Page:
Govt’s Total Health Expenditure Rises From 28.6% In 2013-14 To 40.6% 2018-19
Although the NHA estimates for 2018-19 also show that there there has been only a minimal increase in the share of government health expenditure in the total GDP of the country. It has increased from 1.15 per cent in 2013-14 to 1.28 per cent in 2018-19
Dr. Vinod K. Paul, Member (Health) of NITI Aayog, in presence of Rajesh Bhushan, Secretary, Union Ministry of Health & Family Welfare released findings of the National Health Accounts (NHA) Estimates for India for 2018-19. In a significant update, various indicators related to health expenditure in the country have shown encouraging trend, which has been demonstrated on a sustained basis.
Although the NHA estimates for 2018-19 also show that there there has been only a minimal increase in the share of government health expenditure in the total GDP of the country. It has increased from 1.15 per cent in 2013-14 to 1.28 per cent in 2018-19.
Additionally, the share of Government Health Expenditure in Total Health Expenditure has also increased over time. In 2018-19, the share of government expenditure was 40.6 per cent, substantially higher than the share of 28.6 per cent in 2013-14.
NHA findings also indicate that Government’s health expenditure as a percentage of Current Health Expenditure has increased from 23.2 per cent in 2013-14 to 34.5 per cent in 2018-19. t has also been observed that per capita government spending on healthcare has increased by 74 per cent since 2013-14, i.e., Rs. 1042 to Rs. 1815 in 2018-19.
Aligning with the focus on providing healthcare services to all which comprises one of the policy recommendations of the National Health Policy (NHP) 2017, government is focusing on primary healthcare expenditure which has increased from 51.1 per cent in 2013-14 to 55.2 per cent in 2018-19.
Primary and secondary care accounts for more than 80 per cent of the current Government Health Expenditure. In case of the private sector, the share of tertiary care has increased but primary and secondary care show a declining trend. Between 2013-14 and 2018-19, in government, the share of primary and secondary care has increased from 74 per cent to 86 per cent. On the other hand, in the private sector, the share of primary and secondary care has declined from 82 per cent to 70 per cent during the same period.
Due to several such steps, consequently, out-of-Pocket Expenditure (OOPE) as percentage of total health expenditure has declined substantially by 16 per cent points, from 64.2 per cent to 48.2 per cent. Out of pocket expenditure as a percentage of current health expenditure has also declined over time from 69.1 per cent in 2013-14 to 53.2 per cent in 2018-19.
Per capita out-of-pocket expenditure in the country has decreased by 8 per cent since 2013-14, from Rs. 2,366 to Rs. 2,155 currently. Focusing on social security has resulted in expenditure on health as a percentage of total health expenditure growing from 6 per cent to 9.6 per cent now. The NHA also reveals that the government-financed health insurance expenditure has increased by 167 per cent since 2013-14.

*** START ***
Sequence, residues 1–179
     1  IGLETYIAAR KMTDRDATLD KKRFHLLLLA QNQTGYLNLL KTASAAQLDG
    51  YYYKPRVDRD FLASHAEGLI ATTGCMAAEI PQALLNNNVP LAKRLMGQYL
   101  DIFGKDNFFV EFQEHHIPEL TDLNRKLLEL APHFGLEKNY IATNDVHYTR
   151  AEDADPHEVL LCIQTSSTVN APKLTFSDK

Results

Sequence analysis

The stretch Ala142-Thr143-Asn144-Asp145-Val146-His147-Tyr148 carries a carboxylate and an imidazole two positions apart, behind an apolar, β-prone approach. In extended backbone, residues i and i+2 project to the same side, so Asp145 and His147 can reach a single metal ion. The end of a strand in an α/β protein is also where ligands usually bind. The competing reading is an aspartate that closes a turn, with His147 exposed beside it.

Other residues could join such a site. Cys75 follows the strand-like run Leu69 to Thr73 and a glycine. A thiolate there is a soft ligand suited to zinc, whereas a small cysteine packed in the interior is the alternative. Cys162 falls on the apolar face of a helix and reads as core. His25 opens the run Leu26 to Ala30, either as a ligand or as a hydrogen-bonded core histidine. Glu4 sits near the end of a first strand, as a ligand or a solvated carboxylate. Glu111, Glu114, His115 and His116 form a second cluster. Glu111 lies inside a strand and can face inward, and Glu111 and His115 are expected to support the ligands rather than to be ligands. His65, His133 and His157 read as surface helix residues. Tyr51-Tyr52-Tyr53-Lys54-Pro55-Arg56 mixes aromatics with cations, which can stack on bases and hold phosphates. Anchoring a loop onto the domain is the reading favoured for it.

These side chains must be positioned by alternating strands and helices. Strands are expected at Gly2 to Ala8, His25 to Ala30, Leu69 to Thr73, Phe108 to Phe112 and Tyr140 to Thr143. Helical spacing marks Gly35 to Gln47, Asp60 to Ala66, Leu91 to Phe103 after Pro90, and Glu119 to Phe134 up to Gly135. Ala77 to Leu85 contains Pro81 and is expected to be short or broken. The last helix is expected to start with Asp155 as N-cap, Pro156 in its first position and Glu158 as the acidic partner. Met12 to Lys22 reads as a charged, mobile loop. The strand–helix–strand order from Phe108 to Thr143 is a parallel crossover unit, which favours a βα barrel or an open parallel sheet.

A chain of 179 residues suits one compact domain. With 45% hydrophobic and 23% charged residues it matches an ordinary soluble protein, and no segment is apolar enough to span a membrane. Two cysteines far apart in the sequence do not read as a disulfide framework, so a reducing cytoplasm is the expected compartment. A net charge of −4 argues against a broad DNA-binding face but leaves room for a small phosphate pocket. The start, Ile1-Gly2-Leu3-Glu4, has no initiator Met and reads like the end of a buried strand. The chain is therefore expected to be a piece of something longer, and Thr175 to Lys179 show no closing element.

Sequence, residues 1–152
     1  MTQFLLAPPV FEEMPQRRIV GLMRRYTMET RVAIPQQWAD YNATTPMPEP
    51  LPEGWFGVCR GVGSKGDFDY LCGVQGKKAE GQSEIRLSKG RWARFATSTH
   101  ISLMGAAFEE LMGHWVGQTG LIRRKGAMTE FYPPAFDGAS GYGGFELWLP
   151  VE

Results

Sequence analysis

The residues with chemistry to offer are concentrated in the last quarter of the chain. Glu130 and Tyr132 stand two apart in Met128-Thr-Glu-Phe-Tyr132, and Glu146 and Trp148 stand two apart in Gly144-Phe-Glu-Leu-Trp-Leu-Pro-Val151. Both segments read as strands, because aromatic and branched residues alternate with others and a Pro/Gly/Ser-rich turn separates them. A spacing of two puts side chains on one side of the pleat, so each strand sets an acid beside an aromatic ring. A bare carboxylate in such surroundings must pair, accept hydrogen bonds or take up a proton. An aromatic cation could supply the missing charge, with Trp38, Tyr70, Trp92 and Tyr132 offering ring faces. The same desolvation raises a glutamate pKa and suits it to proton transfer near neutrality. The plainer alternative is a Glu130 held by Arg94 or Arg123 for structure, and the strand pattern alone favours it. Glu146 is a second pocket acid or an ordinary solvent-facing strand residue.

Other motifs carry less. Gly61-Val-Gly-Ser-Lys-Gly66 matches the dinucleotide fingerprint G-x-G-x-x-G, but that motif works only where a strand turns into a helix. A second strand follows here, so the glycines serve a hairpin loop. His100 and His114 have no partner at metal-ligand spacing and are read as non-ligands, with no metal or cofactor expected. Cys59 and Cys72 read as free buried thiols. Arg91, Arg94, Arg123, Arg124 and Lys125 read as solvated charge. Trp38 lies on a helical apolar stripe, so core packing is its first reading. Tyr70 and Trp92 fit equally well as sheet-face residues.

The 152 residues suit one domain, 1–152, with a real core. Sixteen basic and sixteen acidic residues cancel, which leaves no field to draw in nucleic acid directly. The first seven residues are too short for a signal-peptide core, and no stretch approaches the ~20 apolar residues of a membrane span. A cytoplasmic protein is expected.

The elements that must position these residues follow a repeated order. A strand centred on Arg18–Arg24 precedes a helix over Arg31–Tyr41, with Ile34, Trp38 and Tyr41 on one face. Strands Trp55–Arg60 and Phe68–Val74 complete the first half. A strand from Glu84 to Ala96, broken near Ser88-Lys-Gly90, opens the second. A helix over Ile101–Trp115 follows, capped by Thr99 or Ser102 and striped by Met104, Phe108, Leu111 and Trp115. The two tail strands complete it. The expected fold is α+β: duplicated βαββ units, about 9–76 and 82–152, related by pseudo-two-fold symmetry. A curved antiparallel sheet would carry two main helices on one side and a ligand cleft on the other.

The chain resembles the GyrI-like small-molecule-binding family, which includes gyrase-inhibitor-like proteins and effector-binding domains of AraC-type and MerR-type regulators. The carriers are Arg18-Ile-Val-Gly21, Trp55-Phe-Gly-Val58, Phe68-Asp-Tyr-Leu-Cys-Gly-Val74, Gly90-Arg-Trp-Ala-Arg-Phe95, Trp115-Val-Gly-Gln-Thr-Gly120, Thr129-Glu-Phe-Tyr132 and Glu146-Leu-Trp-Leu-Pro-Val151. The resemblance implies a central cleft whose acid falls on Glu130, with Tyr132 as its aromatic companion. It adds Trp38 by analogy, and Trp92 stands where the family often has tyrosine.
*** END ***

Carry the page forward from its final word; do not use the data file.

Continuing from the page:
The NHA estimates for 2018-19 also indicate falling reliance on external funding in the health sector of the country. The findings from the report depict that foreign aid for health has come down to 0.4 per cent in 2018-19 from 2.3 per cent in 2004-05, showcasing India’s economic self-reliance.
It is truly a moment of pride that we have in our nation a systematic, robust, reliable transparent accounts and accounting of spending on health. Such reports will help us with clear decision-making processes in line with National Health Policy recommendation of 2017.” Dr. V K Paul stated this while congratulating everyone on NHA Estimates report launch which is sixth consecutive since 2013-14. He said that National Health Systems Resource Centre (NHSRC) has ensured that all such reports are published without any interruption and follows academic rigor along with robust methodology and approach. Since, these reports are used by researchers, policy makers and program implementors, therefore, their robustness is critical.
Dr. Paul noted that the guiding principle of government from last few years has been to reduce out-of-pocket expenditure (OOPE) on health by citizens, which pushes individuals and families into poverty. As per National Health Account Estimates 2018-19 launched today, OOPE has substantially declined by almost 16 per cent points as a percentage of current health expenditure from 2014 to 2018-19. Even in the case of per capita OOPE, there has been a decline. The report also provides a comparison of the per-capita OOPE of India with other countries, using Global Health Expenditure Database provided by WHO. In the group of 189 countries, India ranks 66th for per capita OOPE.
Union Health Secretary Rajesh Bhushan focused on the significant shift in the nature of government expenditure. The increased focus on primary health care reinforces government’s decision to prioritize primary healthcare in the country. The report captures that 55.2 per cent of the government expenditure currently has been on primary health. This not only ensures quality services at the grassroot level but also reduces the chances of ailments requiring secondary or tertiary healthcare services, he pointed out.
Rajesh Bhushan also focused on the social security expenditure on health as a percentage of the total health expenditure. The social security expenditure on health which includes the social health insurance program, government-financed health insurance schemes, and medical reimbursements made to government employees, has increased from 6 per cent in 2013-14 to 9.6 per cent in 2018-19. This is a significant increase which shows that the common people of India are better equipped and better provided in terms of healthcare at their doorstep and making health more accessible.